The Government Guideline for the Implementation of Employment Practices during COVID-19 Pandemic

During the Covid-19 pandemic, the Indonesian government has established various policies including restrictions of public activities in several regions to prevent the spread of Covid-19. The pandemic has affected core aspects in the manpower sector, mainly the employment relationship and workers protection. On 13 August 2021, the Minister of Manpower (“MoM”) issued a new guideline on the Implementation of Employment Practices during COVID-19 Pandemic in the form of MoM Decree No. 104 of 2021 (“MoM Decree 104 of 2021”).

Key Points of the Guideline: MoM Decree 104 of 2021 stipulates a guideline that mainly covers three scopes of practices:

1. Arrangement of Work from Office (“WFO”) and Work from Home (“WFH”) Policy

Companies have to make the WFO – WFH arrangements for their total employees by referring to the government policy regarding the Implementation of Community Activity Restrictions (Pemberlakukan Pembatasan Kegiatan Masyarakat or “PPKM”) applicable to specific sectors of the employers’ businesses. For instance, PPKM policy of WFO-WFH arrangement applicable to a company in manufacturing industry is a maximum 50% of WFO employees and a maximum 10% of WFO employees of office administration. The remaining employees must remain to WFH. To ensure effective business operation in such capacity limitation, companies may implement a rotation schedule whereby the employees may alternate between WFO and WFH within a month.

Furthermore, employers may also reduce the working hours, rearrange the working time into shifts, as well as make temporary layoffs as efforts to prevent employee terminations.

2. Remuneration and Other Rights of the Employees

MoM Decree 104 of 2021 emphasises that companies currently facing financial instability due the pandemic and unable to pay the employees may renegotiate with their employees on adjusting the wages/remuneration (“Adjustment Agreement”). In this instance, an Adjustment Agreement shall, at least, covers: (i) the amount of agreed adjusted wage; (ii) the payment method that may be done in stages; and (iii) the validity period of the Adjustment Agreement. It is important to note that the basis for the calculation of other rights (e.g., social security benefits, severance pay, etc.) shall refer to the relevant employees’ initial wages, before the Adjustment Agreement becomes effective. Furthermore, the employers are required to communicate the Adjustment Agreement to the relevant employees and submit reports on the same to the relevant manpower offices at the provincial level, through online means.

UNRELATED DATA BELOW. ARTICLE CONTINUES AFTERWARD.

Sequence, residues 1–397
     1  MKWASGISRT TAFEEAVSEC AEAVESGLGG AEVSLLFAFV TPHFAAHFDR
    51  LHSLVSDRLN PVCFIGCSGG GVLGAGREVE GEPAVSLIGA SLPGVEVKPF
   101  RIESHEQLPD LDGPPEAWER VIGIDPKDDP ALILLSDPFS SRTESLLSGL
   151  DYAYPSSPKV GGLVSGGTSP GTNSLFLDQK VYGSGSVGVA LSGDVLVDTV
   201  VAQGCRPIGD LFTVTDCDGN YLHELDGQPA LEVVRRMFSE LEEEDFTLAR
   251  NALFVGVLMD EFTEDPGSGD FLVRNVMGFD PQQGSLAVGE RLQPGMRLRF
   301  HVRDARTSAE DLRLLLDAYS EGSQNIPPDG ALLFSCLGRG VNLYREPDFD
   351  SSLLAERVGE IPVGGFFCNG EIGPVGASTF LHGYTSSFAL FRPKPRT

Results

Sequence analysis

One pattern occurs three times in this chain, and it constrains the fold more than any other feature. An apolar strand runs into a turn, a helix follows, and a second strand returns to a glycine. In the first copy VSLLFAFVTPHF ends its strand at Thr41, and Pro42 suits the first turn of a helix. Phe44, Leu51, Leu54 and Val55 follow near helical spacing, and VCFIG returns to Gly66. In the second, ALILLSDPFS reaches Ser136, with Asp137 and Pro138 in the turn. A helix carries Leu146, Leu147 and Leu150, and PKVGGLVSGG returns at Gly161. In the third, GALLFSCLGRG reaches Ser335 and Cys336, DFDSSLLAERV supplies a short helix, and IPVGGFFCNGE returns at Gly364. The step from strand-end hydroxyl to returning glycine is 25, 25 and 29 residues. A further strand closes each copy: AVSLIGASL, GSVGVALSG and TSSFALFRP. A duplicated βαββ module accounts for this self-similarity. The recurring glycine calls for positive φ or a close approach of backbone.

3. Employment Termination Prevention Measures

All the relevant parties (the employers, employees, government, and labour union) need to work on dialogues to find the best solutions to maintain the employment relationship and continuity, and only allow employee terminations as their last resort. To prevent such terminations, employers are suggested to take the following actions:

a) workplace adjustments, where the employees are strongly encouraged to implement WFH whenever possible;

b) worktime adjustments, which include but not limited to arranging work shifts, eliminating or limiting overtime, and reducing working days;

c) providing leaves of absence by implementing temporary layoffs;

d) providing remuneration adjustments and the relevant payment methods;

e) gradually adjusting the facilities and/or allowances of the employees;

f) preventing any extension of expiring employment agreement; and/or

g) retiring employees who have fulfilled the company’s terms, and/or offering them early retirement plans.

Mechanism for the Implementation of Alternative Measures: The enforcement of the alternatives as explained above requires the employees’ consent (i.e., through bipartite dialogues or discussions), thus cannot be made unilaterally by the employers. To make them effectively binding, these measures must obtain prior legitimate consent of both parties (i.e., the employees and employers).

The above article was prepared by Marshall S. Situmorang (Partner) and Audria Putri (Senior Associate)

Disclaimer: The information herein is of general nature and should not be treated as legal advice, nor shall it be relied upon by any party for any circumstance. Specific legal advice should be sought by interested parties to address their particular circumstances.